Another example – when my oldest daughter was in high school (a new school, a new step-dad, a new place to live, etc.) she started skipping school. We tried grounding, taking privileges away, etc., but what really did the trick was this, and it was something we could monitor. She had to read a newspaper daily – front to back – either the Oregonian, New York Times, or Christian Science Monitor, watch one local and one national news broadcast daily, read one weekly news magazine, and be prepared to discuss any of the above with either me, Roger, or Roger’s dad, who lived with us at the time. That screen time paid off – after about three days, she was astounded at how uninformed not only her classmates were, but her teachers as well!


    1. Cathy, yes, the good side of the screen. I really like the solution you came up with for your older daughter. Reading the paper and being prepared to discuss current events is a good skill. Very smart.
      Thanks, Cathy.


  5. Sara, these are subjects close to my heart. I am hoping We try to teach that junk food is ok … occasionally … in moderation. Likewise, we try to teach that screen time is ok … in moderation … and try to steer our kids toward PBS-ey quality screen time. But at ages 9 & almost 7, I know I am on the “easy” end of this–I will be waiting eagerly for any brilliant suggestions out there!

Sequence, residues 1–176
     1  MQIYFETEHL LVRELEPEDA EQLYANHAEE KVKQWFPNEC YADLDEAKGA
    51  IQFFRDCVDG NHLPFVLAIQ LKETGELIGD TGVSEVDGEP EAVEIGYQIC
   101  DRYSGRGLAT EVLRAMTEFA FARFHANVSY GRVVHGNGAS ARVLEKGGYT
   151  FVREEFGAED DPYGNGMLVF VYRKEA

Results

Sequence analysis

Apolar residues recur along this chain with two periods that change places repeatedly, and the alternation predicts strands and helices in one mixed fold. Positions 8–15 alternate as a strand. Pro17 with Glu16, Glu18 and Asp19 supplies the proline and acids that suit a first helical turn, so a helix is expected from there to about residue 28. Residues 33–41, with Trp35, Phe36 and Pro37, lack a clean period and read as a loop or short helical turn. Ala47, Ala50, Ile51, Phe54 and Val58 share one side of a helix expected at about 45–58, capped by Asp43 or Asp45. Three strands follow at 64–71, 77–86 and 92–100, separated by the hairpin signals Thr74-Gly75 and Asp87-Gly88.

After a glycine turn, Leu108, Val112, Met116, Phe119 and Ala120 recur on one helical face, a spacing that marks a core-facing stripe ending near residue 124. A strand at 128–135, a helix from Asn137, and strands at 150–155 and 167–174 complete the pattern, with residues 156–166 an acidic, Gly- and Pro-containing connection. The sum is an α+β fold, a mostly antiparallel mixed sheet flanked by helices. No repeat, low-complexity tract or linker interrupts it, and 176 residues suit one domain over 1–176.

1. Kris, I’m not sure I have any brilliancy on the topic but I would say waiting is better. Waiting to get a cell phone or Facebook until kids are older, rather than when they’re younger.
      I do think more time reading and playing outside is better than anything else.
      But, yes, all things in moderation is a good rule of thumb.
      Thanks, Kris.


  6. This is a complex topic, much more so than the consumption of “junk food.” The generation that grows up with screens in their hands will be a true experiment in the human condition. I have seen the advantages and disadvantages of “too much screen time” vs “people time.” Over the years I have seen the quality of communication (written and oral) decline. Texting abbreviations have infiltrated written communication, and not always for the better good. I remember in the old days when we wrote reports by paraphrasing from books and encyclopedias — we had to write it down and think about how to write it to make it sound like we were paraphrasing. Now students just copy and paste from the Internet without giving thought to what they copied and pasted.